Up to 19 allelic combinations of vernalization response genes were discovered in terms of the Vrn-A1, Vrn-B1, Vrn-D1, and Vrn-B3 loci in the wheat cultivars (Table 3). Distribution of different allelic combinations of vernalization genes suggested that the recessive allelic combination vrn-A1/vrn-B1/vrn-D1/vrn-B3 was predominant, and three allelic combinations (vrn-A1/vrn-B1/Vrn-D1a/vrn-B3, vrn-A1/vrn-B1/Vrn-D1b/vrn-B3, and vrn-A1/Vrn-B1a/vrn-D1/vrn-B3) were also prevalent in Chinese winter wheat cultivars. Association of four above-mentioned allelic combinations of vernalization genes with heading and flowering times showed that cultivars with vrn-A1/vrn-B1/vrn-D1/vrn-B3 possessed the latest heading and flowering times across 3 years, and cultivars with vrn-A1/vrn-B1/Vrn-D1a/vrn-B3 possessed relatively earlier heading and flowering times than cultivars with vrn-A1/vrn-B1/Vrn-D1b/vrn-B3 (Table 3).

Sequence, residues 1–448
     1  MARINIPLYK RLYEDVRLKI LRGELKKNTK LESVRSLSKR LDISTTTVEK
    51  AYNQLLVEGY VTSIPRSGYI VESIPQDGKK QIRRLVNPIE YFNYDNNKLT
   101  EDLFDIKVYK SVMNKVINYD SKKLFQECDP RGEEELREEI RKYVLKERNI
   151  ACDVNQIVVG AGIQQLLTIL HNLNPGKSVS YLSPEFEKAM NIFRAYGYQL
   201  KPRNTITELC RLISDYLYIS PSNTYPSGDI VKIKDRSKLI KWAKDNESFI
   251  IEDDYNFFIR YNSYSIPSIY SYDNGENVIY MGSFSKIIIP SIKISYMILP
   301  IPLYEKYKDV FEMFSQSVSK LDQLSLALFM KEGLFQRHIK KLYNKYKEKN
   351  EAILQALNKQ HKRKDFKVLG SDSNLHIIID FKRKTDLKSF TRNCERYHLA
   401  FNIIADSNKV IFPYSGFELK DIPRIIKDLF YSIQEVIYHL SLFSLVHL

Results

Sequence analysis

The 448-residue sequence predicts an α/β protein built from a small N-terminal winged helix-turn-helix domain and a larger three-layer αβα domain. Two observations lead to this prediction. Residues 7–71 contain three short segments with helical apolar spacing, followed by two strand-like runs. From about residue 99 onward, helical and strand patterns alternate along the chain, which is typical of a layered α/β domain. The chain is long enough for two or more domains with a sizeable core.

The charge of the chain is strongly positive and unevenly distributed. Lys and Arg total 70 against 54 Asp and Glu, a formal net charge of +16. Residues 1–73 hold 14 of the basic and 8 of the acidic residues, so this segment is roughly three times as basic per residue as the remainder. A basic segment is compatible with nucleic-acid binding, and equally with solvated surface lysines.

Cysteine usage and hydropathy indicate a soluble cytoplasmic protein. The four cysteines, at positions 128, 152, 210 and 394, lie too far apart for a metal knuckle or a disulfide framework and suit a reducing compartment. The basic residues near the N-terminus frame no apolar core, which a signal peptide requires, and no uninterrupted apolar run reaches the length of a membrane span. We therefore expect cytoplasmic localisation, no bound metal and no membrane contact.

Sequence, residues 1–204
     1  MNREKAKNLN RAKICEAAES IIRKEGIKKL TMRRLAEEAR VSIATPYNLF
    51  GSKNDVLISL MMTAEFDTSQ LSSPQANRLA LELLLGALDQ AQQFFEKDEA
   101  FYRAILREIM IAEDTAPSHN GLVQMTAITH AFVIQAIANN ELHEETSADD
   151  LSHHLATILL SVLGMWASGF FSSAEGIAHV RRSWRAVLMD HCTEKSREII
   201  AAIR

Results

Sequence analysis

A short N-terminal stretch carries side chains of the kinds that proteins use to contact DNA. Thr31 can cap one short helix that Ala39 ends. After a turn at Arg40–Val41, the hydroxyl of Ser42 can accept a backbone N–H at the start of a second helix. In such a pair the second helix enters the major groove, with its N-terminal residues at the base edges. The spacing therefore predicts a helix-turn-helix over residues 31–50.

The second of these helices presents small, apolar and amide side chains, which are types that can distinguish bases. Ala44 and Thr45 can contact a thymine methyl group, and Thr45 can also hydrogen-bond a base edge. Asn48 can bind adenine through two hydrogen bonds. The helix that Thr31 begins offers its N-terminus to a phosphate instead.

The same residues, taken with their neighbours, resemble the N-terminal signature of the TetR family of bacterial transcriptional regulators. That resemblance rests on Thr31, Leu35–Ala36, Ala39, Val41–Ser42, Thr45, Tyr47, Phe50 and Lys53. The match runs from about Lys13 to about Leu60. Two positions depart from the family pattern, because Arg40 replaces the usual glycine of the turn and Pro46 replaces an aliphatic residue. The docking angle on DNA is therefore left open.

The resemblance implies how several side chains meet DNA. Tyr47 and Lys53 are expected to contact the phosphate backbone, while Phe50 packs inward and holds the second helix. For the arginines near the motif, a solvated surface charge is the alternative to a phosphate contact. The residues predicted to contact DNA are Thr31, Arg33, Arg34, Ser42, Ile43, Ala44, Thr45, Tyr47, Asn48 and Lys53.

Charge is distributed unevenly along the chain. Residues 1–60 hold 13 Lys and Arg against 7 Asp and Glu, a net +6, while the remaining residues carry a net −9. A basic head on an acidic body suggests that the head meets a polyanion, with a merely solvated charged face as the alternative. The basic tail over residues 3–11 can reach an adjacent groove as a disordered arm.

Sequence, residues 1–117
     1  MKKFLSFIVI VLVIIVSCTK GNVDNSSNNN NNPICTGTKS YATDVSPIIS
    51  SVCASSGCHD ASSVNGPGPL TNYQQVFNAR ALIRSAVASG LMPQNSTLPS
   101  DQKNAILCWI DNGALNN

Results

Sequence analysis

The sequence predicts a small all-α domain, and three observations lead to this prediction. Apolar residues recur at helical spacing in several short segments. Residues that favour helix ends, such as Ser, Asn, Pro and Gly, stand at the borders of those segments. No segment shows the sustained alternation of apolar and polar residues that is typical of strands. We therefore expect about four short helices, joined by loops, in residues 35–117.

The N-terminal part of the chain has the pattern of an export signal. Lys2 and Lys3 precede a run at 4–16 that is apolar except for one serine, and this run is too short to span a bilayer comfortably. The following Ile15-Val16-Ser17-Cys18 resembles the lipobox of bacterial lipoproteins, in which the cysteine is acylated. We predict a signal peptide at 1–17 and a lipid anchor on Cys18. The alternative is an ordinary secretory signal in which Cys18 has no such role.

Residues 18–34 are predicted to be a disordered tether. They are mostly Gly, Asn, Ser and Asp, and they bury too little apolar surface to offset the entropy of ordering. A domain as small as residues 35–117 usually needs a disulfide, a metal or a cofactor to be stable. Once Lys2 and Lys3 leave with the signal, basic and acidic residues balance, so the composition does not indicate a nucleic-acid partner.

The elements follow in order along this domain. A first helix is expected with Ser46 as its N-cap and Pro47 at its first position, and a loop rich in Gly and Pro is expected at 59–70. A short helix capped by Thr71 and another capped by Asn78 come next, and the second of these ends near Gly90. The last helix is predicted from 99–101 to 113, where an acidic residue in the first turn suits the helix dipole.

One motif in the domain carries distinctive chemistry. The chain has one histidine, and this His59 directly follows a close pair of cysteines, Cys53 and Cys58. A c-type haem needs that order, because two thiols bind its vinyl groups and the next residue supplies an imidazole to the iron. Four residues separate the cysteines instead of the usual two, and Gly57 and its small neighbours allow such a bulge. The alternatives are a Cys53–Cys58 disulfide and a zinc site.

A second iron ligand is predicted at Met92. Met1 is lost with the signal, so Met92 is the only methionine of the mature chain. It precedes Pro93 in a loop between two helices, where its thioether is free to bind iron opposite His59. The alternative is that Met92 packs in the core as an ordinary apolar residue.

Table 3. The distribution of allelic combinations of vernalization genes in the Chinese bread wheat cultivars surveyed.
Distribution of Ppd-D1 Gene in Chinese Winter Wheat Cultivars
A series of molecular markers (Ppd-P1–Ppd-P7; Supplemental Table 1) was used to identify the polymorphisms of the Ppd-D1 gene as described by Guo et al. (2010). Three polymorphisms were found in bread wheat cultivars, namely, a 2089-bp deletion in exon 8, an TE insertion in intron 1, and a 5-bp deletion in exon 7. Two polymorphisms were absent, namely, a 16-bp insertion in exon 8 and a 24-bp plus a 15-bp insertion in the 2-kb upstream region. Distribution of polymorphisms of the Ppd-D1 gene (Table 2) indicated that Ppd-D1a with the percentage of 89.8% and a 2089-bp deletion in exon 8 with the percentage of 94.1% were the most two popular genotypes in cultivars from the Yellow and Huai wheat region (detailed in Supplemental Data Sheet 1).